Searching for data using Solr search syntax

If your dashboard or document contains data from a search source, you can take advantage of Solr's flexible search syntax to analyze your data. For example, you can search for data that contains the terms Business and Analysis in close proximity to each other, or search for data for port numbers that fall within a specific range. You perform a search by typing search queries into the appropriate filter in the Filters panel.

This topic provides a brief introduction to the types of Solr search syntax that you can use to examine your data. For a detailed overview, including information about creating searchers that take advantage of functions, nested queries, boost factors, and more, see the official documentation for the query parser syntax. In most cases, Solr uses the standard Lucene query syntax to perform searches. For a list of exceptions, see the Solr wiki.

Examples of searches that you can perform are provided below:

Prerequisites

Searching for keywords and search phrases

The following are examples of searches for a specific keyword or search phrase.

Task Example Syntax
 

Search for a keyword in a specific field

Search for the keyword AccessLog in the title field

title:AccessLog

Search for a phrase in a specific field

Search for the phrase Code 1918 in the title field

title:"Code 1918"

Search for a phrase in one field and a second phrase in another field

Search for Error 401 in the title field and Authorization is denied in the body field

title:"Error 401" AND body:"Authorization is denied"

Combine searches for multiple phrases or keywords using operators such as AND or OR

Search for Error 401 in the title field AND Authorization is denied in the body field, or search for Password in the title field.

 

(title:"Error 401" AND body:"Authorization is denied") OR title:Password

Search for a keyword in a specific field, excluding search results with another keyword in the same field

Search for 401 but not 404 in the title field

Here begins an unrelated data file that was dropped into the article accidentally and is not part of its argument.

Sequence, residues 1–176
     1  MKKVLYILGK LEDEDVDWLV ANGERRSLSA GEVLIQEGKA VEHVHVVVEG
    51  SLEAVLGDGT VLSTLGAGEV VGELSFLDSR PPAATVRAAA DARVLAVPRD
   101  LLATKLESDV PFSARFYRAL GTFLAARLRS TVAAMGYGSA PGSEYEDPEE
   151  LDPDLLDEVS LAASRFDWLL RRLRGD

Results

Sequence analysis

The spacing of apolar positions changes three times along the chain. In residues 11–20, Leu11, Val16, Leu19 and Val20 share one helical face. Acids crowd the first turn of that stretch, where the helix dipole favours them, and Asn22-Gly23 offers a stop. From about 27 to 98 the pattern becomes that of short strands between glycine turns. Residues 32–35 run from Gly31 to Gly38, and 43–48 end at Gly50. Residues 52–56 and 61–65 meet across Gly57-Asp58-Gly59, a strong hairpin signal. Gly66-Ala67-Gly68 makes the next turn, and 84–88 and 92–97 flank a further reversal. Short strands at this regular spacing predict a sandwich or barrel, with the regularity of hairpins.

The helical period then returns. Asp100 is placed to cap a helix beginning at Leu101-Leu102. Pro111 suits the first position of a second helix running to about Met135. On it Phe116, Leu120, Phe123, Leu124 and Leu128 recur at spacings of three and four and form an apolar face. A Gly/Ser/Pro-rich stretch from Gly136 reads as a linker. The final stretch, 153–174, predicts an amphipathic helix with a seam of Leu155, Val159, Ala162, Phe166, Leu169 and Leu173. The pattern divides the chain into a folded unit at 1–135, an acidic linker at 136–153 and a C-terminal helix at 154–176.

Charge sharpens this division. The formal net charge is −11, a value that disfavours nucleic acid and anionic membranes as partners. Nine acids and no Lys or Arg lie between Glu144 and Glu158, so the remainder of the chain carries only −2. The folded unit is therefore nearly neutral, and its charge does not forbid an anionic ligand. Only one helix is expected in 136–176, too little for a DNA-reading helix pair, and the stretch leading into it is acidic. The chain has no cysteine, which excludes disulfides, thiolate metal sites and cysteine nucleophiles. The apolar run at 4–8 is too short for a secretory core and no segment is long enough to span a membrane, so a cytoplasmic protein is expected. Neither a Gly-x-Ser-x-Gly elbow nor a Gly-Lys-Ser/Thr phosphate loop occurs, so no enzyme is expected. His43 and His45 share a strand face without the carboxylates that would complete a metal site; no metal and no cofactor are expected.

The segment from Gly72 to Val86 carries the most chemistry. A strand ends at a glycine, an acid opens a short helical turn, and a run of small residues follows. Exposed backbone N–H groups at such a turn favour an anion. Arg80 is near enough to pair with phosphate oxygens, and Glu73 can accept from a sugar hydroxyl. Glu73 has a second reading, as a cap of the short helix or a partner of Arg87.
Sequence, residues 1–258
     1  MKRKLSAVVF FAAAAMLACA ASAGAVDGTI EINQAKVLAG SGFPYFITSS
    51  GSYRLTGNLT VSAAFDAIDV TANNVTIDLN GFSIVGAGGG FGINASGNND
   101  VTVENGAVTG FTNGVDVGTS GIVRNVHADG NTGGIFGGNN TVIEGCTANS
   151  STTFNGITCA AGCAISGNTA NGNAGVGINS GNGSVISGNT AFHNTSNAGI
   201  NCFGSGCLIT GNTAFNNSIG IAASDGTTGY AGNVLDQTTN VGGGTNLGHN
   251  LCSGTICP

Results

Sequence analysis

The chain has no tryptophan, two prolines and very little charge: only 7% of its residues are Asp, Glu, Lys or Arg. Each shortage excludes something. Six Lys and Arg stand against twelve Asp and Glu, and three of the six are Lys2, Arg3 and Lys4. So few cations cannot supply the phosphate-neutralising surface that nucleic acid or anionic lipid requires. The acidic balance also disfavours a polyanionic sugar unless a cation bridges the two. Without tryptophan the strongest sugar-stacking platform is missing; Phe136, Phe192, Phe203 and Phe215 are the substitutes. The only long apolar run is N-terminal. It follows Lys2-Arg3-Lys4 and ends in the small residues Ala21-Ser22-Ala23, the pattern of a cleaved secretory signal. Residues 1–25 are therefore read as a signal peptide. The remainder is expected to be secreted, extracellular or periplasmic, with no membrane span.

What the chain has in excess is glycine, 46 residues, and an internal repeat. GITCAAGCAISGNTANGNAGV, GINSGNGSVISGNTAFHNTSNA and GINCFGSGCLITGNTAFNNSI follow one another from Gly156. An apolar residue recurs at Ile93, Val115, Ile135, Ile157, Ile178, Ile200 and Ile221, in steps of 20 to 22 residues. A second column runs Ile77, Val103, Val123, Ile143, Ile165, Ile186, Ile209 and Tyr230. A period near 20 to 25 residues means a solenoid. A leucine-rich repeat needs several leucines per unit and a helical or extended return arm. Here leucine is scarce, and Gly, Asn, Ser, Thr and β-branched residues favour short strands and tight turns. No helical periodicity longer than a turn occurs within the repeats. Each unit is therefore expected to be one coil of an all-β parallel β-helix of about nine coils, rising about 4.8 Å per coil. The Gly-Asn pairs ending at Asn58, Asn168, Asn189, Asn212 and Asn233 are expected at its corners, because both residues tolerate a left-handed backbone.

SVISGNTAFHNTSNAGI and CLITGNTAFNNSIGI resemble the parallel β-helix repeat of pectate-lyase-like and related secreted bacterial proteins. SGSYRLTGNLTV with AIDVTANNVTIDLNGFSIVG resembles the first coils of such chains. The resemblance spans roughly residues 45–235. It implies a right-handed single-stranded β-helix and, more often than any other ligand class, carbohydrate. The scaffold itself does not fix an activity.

title:401 -title:404

Search for data in which a field does not contain a specific value

Search for data where the inStock field is not false

-inStock:false

 

Search for values in a specified range

Search for values from 20020101 to 20030101 in the mod_date field

mod_date:[20020101 TO 20030101]

Searching using wildcards

You can use the wildcard character (*) to search for results that are not exact matches. Solr search syntax does not support using a wildcard symbol as the first character of a search.

Task Example Syntax

Search for words starting with a string of characters

Search for any word that starts with En in the title field

title:En*

Search for words starting and ending with specific strings of characters

Search for any word that starts with En and ends with ed in the title field

title:En*ed

Search for values in a field that are less than or equal to a specified numeric value

Search for values in the code field that are less than or equal to 100

code:[* TO 100]

Search for values in a field that are greater than or equal to a specified numeric value

Search for values in the code field that are greater than or equal to 100

code:[100 TO *]

Search for data that contains a specific field

Find data that includes the message field

message:[* TO *]

Search for data that does not contain a specific field

Find data that does not have a message field

-message:[* TO *]

Searching using additional search options

You can search for terms that are a given number of words away from each other (called a proximity search).

Task Example Syntax

Search for keywords that are a specific number of words away from each other

Search for log analysis within 4 words from each other

"log analysis"~4

Search for transposed words

Search for log analysis or analysis log

"log analysis"~1

You can approximate a search for multiple keywords (for example, a search for business AND analysis) using a search with a large proximity value, such as "business analysis"~10000000. For practical purposes, this returns the same group of results as searching for business AND analysis. Unlike a search for business AND analysis, however, results in which business and analysis are closer together are regarded as having a higher search relevance. However, the proximity search also requires more time and system resources to perform.

You can determine which parts of a search query are treated as more important by providing a numeric boost factor. For example, the following query assigns higher importance to matches in the title field than matches in the body field: (title:MicroStrategy OR title:Analytics)^1.5 (body:Intelligence OR body:Server).

For a detailed overview of Solr query syntax, including information about creating queries that take advantage of functions, nested queries, boost factors, and more, see the official documentation for the query parser syntax. In most cases, Solr uses the standard Lucene query syntax to perform searches. For a list of exceptions, see the Solr wiki.

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